18 June, 2008

Traffic management

option 1: Option 2:
Option 3:
I think that the government here is trying hard with number 1 (massive infrastructure investment), but what is really needed is number 3. That is all I have to say about that.
I have not been able to come up with something very interesting to write about for the past few weeks, may be that is just a reflection of life these days. Staid, plain, mundane, routine are the words which come to mind.
Workwise, things are ok. A few clients and a few potential clients. The gathering inflation rain clouds have managed to take the joy away from the early showers / timely monsoons. Things will get worse from a business point of view as the government takes steps to dampen demand. However, since we are a tactical marketing arm and not really into branding, we should be hit at the end. When tactical spend is getting hit, things are going to be so bad anyway that it wont matter.
Personal life wise, things are just about ok. Things are moving and not moving and all I want to do is to do the right thing. Doing the right thing implies taking a decision. Decision making, by my definition, is 1)selecting option out of many, 2)based on a predetermined set of criteria, 3)using the best possible information.
The information can only be best possible, because perfect information would mean that there is an equation which has to be solved, not a decision to be made.
I guess the reader and author both by now have realised that the author is in a rut!

02 June, 2008

Tips to save energy!

I went through some information on energy saving on a US website here, and have contextualised it for an Indian audience below:

The energy we use at home accounts for quite a bit of India's contribution to global warming. As incomes rise and consumption increases, this energy and co2 will only increase.
This means making smart choices at home matters, not only for saving on utility bills, but also i helping reduce global warming.

Heating and cooling
This is a top home energy user, with the average household producing about four tons of heat-trapping pollution a year (in the US, data for india not available) . It is heavily influenced by weather. Warmer summers increase greenhouse gas pollution from heavy air conditioning use.
Even as the weather varies, your choices can help spew less global warming pollution.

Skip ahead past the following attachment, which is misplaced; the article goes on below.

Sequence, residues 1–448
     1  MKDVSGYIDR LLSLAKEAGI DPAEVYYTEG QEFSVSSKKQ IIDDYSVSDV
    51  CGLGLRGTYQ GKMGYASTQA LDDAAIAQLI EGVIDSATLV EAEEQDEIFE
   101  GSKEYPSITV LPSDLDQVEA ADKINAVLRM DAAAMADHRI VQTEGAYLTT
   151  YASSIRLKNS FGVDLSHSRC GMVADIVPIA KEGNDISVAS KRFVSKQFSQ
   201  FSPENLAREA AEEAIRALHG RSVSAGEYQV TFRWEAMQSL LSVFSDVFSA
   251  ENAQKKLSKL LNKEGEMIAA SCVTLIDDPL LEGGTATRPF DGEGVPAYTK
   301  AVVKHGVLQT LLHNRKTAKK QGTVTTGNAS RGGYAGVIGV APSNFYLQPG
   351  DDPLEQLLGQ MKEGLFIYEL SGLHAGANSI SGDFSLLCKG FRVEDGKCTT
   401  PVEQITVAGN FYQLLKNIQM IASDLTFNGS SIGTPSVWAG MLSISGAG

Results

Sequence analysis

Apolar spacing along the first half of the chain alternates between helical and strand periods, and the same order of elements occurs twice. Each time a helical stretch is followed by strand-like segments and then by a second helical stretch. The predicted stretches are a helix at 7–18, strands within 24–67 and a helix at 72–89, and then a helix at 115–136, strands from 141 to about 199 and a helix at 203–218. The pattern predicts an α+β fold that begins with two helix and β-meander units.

• In summer, keep shades drawn to keep the cool in.
• In winter, open shades to let the sunlight to help warm rooms.
• Use water coolers in the first few months of the summer when the humidity is not high. An air cooler is much more enery efficient than an air conditioner and it saves you electricity bills as well
• Buy air-conditioners whic have an energy star rating only
• Buy air-conditioners which can be programmed to be at a particular temperature.
• Temperatures of upto 28 degrees are comfortable. Every degree higher will translate into energy savings, less electricity consumption and Co2 reductions.
• Clean or replace the air filter on your air conditioner.
• Plant trees around your house to cut cooling costs in summer if you can. They help the local water table (which can reduce the cost of water pumps)
• Insulate your walls and ceilings.
• In case of a house, use a light-colored or reflective paint on the roof.

After heating, refrigerators and freezers are generally the home's next two big energy eaters. Other appliances follow closely. Together, these items account for nearly eight tons of heat-trapping emissions per household per year.
• Upgrade to Energy Star products. Not all appliances are equal. Whether you're in the market for a new fridge, toaster or air conditioner, look for Energy Star choices, which offer the best energy savings.
• Size counts. When in the market for an appliance, make sure you buy what suits your needs. Items too large or too small waste electricity and your money.
• Unplug. Your electric meter is often adding up kilowatt hours when you don’t think you’re using an appliance. Unplug toasters and cell phone and other chargers when they’re not in use.